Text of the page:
Newspaper Page Text
Slijt Strain aiiD ileus, j
Entered at the Postofficc f "'"-w
S. C., as 2vh1 class matter.
? FT. AULL. EDITOR
Tuesday, February L'4, 1914.
The Mexican situation seems to beI
come more involved, instead of clear- ;
The general assembly did well in j,
making Senator Mauldin judge of the >
new 13th circuit* comprising tne
counties of Greenville and Pickens.
Senator Mauldin will make a good
We regret that the State board of
education has lost the services of Mr.
C. J. Ramage. who resigned upon his
appointment as special judge to hold j
the courts, of the 12th circuit, on ac-!
count of the illness of Judge Ernest
Gary. Mr. S. McG. Simkins, of Edgej
field, who will succeed him, will make
a valuable member of the board. i
It has been rumored throughout the
city that the Coney Island Amusement ;
mrianv would not come here next I
week as scheduled 0:1 account of having
been in Newberry and I^aurens
where there is an epedemic of small
This is too bad, but it generally happens
that when you are unfair and unjust
to your neighbor it proves a boomerang.
So far the legislature has done very
little, and it seems now that adjou 11ment
will probably be reach.' this
week with .try little mere . 1plished.
We suppose it is just as well.;
Some meritorious measures have j
been and are still before the general j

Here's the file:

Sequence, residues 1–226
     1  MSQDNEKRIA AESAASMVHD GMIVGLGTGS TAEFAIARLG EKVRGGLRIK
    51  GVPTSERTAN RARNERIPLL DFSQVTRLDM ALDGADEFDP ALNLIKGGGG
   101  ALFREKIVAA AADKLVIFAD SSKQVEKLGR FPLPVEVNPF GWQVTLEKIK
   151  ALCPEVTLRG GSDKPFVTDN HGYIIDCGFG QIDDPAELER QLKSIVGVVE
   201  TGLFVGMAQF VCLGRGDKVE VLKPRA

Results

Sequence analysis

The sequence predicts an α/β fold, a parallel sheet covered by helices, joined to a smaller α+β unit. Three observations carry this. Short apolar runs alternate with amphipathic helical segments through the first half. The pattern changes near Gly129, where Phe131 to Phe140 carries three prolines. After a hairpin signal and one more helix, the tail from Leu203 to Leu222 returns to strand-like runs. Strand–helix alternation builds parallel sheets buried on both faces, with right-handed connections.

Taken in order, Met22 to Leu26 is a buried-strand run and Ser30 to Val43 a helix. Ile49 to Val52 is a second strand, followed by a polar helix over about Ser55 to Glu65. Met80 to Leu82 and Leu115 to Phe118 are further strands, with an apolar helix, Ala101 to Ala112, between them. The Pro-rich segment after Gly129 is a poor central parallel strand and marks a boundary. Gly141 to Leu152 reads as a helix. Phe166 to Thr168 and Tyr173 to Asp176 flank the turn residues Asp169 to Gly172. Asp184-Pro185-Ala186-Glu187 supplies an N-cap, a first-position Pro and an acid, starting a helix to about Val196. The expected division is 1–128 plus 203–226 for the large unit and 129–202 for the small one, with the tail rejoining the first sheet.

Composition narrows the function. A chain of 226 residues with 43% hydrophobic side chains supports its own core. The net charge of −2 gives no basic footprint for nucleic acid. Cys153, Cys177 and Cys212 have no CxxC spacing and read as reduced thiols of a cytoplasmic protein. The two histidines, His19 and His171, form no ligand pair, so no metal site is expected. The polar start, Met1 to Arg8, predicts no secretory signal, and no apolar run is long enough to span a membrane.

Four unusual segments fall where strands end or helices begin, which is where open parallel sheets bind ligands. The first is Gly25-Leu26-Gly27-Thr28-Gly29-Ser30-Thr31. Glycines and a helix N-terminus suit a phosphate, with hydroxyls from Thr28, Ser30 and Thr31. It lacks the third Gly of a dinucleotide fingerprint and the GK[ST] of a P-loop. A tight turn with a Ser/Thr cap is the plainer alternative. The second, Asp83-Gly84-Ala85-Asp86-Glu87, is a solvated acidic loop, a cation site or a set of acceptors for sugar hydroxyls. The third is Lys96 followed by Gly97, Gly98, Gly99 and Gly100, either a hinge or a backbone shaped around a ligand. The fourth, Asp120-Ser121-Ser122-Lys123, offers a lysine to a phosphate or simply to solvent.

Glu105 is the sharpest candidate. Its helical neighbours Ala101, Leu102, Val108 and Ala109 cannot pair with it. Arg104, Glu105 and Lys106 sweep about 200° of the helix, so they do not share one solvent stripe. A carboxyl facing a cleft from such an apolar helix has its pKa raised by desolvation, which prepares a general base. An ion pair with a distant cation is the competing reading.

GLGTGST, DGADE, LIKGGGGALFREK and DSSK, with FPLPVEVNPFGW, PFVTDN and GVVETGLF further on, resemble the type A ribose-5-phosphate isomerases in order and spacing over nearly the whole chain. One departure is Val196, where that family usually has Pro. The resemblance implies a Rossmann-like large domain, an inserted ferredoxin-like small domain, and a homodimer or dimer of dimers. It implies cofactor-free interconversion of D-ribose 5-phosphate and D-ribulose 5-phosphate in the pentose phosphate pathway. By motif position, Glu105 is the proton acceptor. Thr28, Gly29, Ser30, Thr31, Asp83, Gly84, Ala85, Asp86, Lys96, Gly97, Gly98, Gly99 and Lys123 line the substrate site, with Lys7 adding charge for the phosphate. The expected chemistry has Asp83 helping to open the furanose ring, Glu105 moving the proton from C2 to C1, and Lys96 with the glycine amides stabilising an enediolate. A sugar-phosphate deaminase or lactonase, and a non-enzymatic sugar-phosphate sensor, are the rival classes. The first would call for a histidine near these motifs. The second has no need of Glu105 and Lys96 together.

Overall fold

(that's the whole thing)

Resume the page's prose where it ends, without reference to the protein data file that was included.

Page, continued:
assembly, but they seem to be having i
rather rough sailing. The session, j
however, has been remarkably har- j
monious, for a South Carolina legislature.
The Charlotte Obsever, in speaking
of "the pass," says editorially:
"The R'aleisn News and Observer is
not hospitable to the efforts of >?!ec- 1
retary Sherrill of the North Carloina
Press Association to have the interstate
bars against railroad passes let
dcwn. On the contrary, that paper
comes out flat-footed against passes
for .editors under any circumstances. I
Our Raleigh contemporary regards
the "free pass*' as "an unmitigated
evil," and advises the next legislature <
to put an end to it in this State.
Colonel Britton takes too rank a hold.
T-r, o nr. oro r?rvT 4frpp" na.SSP.S_
^ 1 i ai v uw ww x~? ? There
is not an editor in North Carolina
that does not give advertising
space equivalent to the value of the
pass he uses. We take it that what
the Raleigh editor is driving at is the
principal of the pass, but even that is ;
open to argument. No publisher has ,
any call to regard the pass he bargains
for as a favor. He gives val- (
ue received for it and there is no
condition attached to its issuance or
hv whir>h hi<? hands would be tied !
in case he should find occasion to j
"jump oa" the railroads. It is a ?
different proposition from the old
days when any editor who so desired